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Having additional knowledge can never be a bad thing, especially when it comes to detecting breast cancer.
St. Clair Health announced it is providing the Tyrer-Cuzick Risk Assessment Calculator, a tool utilized to gather information on a patient from personal history to breast density and mammogram images. The information is then used to determine the likelihood a woman will develop invasive breast cancer over the course of her lifetime.
“Identifying these patients earlier helps us to catch their cancers earlier and gives them a better chance of survival,” said Dr. Raye J. Budway, director of breast surgical services for St. Clair Health Center. “This is about helping you understand where you are so we can get you where you need to go.”
According to breastcancer.org, the Tyrer-Cuzick tool assesses breast cancer risk based on a woman’s answers to questions such as the age of her first period, height, weight, childbearing history, family history of breast cancer, menopausal status, and any use of hormone replacement therapy.
Women who may be at high risk are typically identified through family history. Additional data can lead to more patients being identified, Budway said.
The Tyrer-Cuzick Risk Assessment Calculator is also being used for women undergoing early-stage detection and treatment for breast cancer, according to St. Clair Health, the parent organization of St. Clair Hospital, St. Clair Medical Group and St. Clair Health Foundation.
The results can be used by a team of specialists to develop care plans. The tool will be administered for every patient who comes for a screening mammogram. The timing of St. Clair’s announcement about the tool coincides with Breast Cancer Awareness Month.
It is important for a health team to be involved to offer advice and options, Budway said, because there are better outcomes when caught early.
Dr. Bibianna A. Klepchick, director of breast imaging at St. Clair Health, who is partnering with Budway, said the goal is to give women who are at an increased risk of developing breast cancer clinical support, along with tools to keep a closer eye on their breast health.
“By identifying these patients, we hope to catch their cancers earlier, giving them a much better chance of survival,” Klepchick said in a statement. “This valuable screening tool is already available for patients, and we’re also in the process of launching a clinical program that’ll include a breast care specialist who follows each high-risk patient and participates in their care.”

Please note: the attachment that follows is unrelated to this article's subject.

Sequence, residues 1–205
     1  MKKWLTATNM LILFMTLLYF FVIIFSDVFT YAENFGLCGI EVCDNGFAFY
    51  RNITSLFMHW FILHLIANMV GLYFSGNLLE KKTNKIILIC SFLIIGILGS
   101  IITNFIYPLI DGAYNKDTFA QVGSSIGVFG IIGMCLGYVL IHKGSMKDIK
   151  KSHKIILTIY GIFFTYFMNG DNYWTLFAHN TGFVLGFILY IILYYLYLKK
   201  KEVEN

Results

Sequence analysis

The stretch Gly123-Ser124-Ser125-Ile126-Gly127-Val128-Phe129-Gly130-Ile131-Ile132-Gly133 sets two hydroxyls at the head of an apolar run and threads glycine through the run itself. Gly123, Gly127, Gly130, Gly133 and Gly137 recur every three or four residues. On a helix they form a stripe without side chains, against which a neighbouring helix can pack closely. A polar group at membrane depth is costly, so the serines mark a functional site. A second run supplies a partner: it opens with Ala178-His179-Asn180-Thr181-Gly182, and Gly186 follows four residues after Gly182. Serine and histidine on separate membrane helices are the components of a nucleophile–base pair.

Klepchick said those at high risk could also add a yearly screening breast MRI to the routine annual mammogram.
“The goal is also to improve care, we know that time-to-treatment is directly linked to survival, so we already work really hard to meet and exceed the standards,” said Klepchick. “But if we can reduce it even further, we can improve their outcome, and aligning our evidenced-based practices by talking about it together and sharing the latest data, that can only improve their care.”
Budway said the risk calculator tool is the next level of care and will help doctors continue to elevate cancer care and give patients the best possible care close to home.
When women generally come in for their annual screening mammogram, there isn’t a consistent practice or risk assessment, said Dr. Sandhya Pruthi, a professor and a consultant in the breast diagnostic clinic at the Mayo Clinic in Rochester Minn.
She said like many other institutions across the world, the Mayo Clinic is able to access the online tool to calculate breast cancer risk. Results provide family history, previous breast biopsies and a screening report so doctors can determine if an MRI is needed.
“We can then talk with the patient and determine if she is high risk,” Pruthi said.
If the score shows high risk, doctors and patients need to be cautious and consider other factors, Pruthi said. You don’t want a woman to decide she wants to have a mastectomy when she might not have needed to do that. Some women may be high risk and live past what the numbers are predicting, Pruthi said.
“I tell her she has outlived the milestone and lessened her risk,” Pruthi said. “It is about education so we can determine the high-risk women.”
A study has found that the Tyrer-Cuzick breast cancer risk assessment tool is accurate for at least 19 years. The research was published in 2018 by JAMA Oncology.
“We are always looking for new ways to deliver care to our patients at the St. Clair Hospital Breast Care Center,” said Budway. “We balance being on the cutting edge technologically with providing proven, safe methods for treating breast cancer.”